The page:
The view from Billinudgel

Greg Hywood: the model modern chief executive
How Fairfax became a business at journalism’s expense


It would not be fair to blame Greg Hywood alone for the destruction of the Fairfax brand. The rot set in a long time ago, arguably some 30 years before, when young Warwick Fairfax decided on his own takeover bid for the company, which ended in disaster.

That was effectively the end; the then chairman, James Fairfax, an amiable dilettante, resigned from the firm and the bean counters took over, culminating in the eight-year reign of Hywood as CEO.

And the point about Hywood is that for a very long time he has been more of an accountant than a journalist. He had a period as a competent hack at The Australian Financial Review before moving up to the executive suites.

But on the way he became imbued with the spirit of Fin Reviewism, an early form of neoliberalism then known as economic rationalism. Stripped of the spin, this was the principle that held that free enterprise – complete deregulation – transcended all other considerations. Economics was about economics, not the namby-pamby concerns of looking for a wider vision of existence.

Thus, under Hywood, Fairfax became not a publishing house but a business, and a business that was all about the bottom line. As sensible people had been predicting for years, the depredations of the internet were shrinking the Fairfax share price (on which, among other things, Hywood’s exorbitant salary package depended) to an alarming degree, and would go on doing so.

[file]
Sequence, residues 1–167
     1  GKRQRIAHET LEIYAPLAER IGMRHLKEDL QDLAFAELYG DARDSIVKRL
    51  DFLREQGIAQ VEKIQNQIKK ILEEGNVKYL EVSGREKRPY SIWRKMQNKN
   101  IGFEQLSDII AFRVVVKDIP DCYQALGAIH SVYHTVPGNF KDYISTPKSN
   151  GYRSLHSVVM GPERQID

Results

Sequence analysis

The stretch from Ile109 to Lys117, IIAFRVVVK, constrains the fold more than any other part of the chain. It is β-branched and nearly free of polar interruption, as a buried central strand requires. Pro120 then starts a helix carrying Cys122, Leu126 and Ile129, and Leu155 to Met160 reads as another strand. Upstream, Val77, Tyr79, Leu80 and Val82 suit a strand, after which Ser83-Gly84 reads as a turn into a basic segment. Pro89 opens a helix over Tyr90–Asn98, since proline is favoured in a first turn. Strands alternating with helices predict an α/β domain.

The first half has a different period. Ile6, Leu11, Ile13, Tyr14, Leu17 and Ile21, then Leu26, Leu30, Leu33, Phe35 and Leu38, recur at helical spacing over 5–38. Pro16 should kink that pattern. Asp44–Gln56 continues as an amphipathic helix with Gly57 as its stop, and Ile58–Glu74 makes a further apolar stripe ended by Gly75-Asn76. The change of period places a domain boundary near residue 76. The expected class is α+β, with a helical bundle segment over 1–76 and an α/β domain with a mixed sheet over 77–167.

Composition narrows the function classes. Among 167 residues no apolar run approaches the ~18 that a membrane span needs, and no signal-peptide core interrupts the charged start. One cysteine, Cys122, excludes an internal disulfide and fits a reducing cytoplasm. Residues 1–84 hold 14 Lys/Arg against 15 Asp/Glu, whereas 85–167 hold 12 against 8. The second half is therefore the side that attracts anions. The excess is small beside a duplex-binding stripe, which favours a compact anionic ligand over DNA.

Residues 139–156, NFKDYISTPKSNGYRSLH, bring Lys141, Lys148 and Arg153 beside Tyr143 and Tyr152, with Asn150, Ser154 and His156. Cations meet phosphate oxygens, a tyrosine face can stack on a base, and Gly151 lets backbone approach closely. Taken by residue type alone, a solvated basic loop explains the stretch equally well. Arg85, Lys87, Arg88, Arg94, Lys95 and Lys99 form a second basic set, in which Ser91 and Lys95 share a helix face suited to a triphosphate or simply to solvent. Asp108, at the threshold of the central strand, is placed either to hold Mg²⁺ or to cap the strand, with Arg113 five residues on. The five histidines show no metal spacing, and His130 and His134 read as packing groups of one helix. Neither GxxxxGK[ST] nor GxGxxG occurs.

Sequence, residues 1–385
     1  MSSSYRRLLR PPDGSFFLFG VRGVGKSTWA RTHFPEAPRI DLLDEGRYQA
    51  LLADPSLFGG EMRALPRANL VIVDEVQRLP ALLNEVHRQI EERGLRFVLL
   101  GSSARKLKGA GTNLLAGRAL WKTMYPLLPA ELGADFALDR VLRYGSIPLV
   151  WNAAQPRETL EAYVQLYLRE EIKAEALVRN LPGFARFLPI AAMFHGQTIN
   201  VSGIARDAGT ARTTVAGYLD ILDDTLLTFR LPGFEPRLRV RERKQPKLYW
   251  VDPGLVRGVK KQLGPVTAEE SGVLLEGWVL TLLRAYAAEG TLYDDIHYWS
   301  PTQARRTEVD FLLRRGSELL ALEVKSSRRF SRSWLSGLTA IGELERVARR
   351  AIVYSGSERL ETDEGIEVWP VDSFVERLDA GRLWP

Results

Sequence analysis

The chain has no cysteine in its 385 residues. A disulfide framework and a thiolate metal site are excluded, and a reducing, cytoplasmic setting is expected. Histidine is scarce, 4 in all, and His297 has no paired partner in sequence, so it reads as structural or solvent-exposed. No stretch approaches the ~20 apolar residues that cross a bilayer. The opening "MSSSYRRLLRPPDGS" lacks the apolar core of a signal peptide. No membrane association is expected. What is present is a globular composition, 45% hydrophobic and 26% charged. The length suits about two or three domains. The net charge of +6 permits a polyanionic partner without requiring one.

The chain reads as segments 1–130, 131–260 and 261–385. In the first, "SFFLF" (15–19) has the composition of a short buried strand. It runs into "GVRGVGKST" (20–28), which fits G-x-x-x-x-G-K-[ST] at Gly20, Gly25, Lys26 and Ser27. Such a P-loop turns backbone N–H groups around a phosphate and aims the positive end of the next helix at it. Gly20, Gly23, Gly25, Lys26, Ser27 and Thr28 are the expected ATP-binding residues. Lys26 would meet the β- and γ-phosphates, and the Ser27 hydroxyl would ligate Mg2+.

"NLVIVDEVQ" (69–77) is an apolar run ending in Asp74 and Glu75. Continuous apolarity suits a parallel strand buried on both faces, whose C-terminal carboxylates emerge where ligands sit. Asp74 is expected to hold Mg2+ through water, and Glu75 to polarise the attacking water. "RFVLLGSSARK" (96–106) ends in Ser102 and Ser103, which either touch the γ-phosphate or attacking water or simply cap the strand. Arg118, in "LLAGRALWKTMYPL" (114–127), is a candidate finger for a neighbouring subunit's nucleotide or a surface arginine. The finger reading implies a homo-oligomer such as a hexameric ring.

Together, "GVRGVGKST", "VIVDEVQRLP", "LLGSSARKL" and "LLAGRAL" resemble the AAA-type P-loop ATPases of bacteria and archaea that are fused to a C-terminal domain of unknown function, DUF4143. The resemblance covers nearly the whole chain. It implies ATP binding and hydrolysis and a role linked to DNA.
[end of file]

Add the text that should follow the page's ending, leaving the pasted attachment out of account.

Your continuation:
But Hywood was the very model of a modern chief executive – the shareholders were paramount, the workers and customers merely a means to their gratification. So his solution? Cut costs and keep cutting them, and if most of the victims were those who actually produced the papers (as opposed to the annual reports), well, a Maserati driver’s got to do what a Maserati driver’s got to do.

Obviously this campaign of attrition damaged the journalism – indeed, it was gratifying and somewhat surprising that anything serious survived at all. But there were the occasional revelations and scoops that relieved the endless fluff of the lifestyle boosters and the obsessive concentration on real estate prices.

Hywood’s capitulation to Nine may well bring that to an end – even on their worst days, The Age and the SMH seldom, if ever, plumbed the depths of the kind of current affairs that revolve around stunts, chequebook journalism and endless free plugs for the major advertisers.

But the ex-Fairfax mastheads will not be alone in their suffering. The ABC has been under attack from not only the government but also the commercial media, who like to blame it for their own shortcomings.

Funding cuts at the ABC have been serious, but until now they have been ameliorated to an extent by the joint investigations with Fairfax journalists. Now the campaign to destroy the national broadcaster will gather impetus and enthusiasm.

The Murdoch press, sheltered by an indulgent proprietor who, unlike the grocers and brokers of the Fairfax board actually knows something about journalism, will enhance its dominance. The media landscape will become greyer and more precarious.

And Hywood, his work of destruction complete, will tootle off into the sunset with the terse salutation: “I would like to thank everyone for their contribution to Fairfax.” As one of Fairfax’s true believers, Kate McClymont, responded: “So after 150-plus years, is that all we get.” Yes, Kate, it is.

But now for the good news: Hywood is in line for a golden handshake of some $8 million or so. A job well done – he has destroyed the great Fairfax tradition in order to save it, although it is not entirely clear for whom.

Mungo MacCallum

Mungo MacCallum is a political journalist and commentator. His books include Run Johnny Run, Poll Dancing, and Punch and Judy. Visit his blog, The View from Billinudgel.

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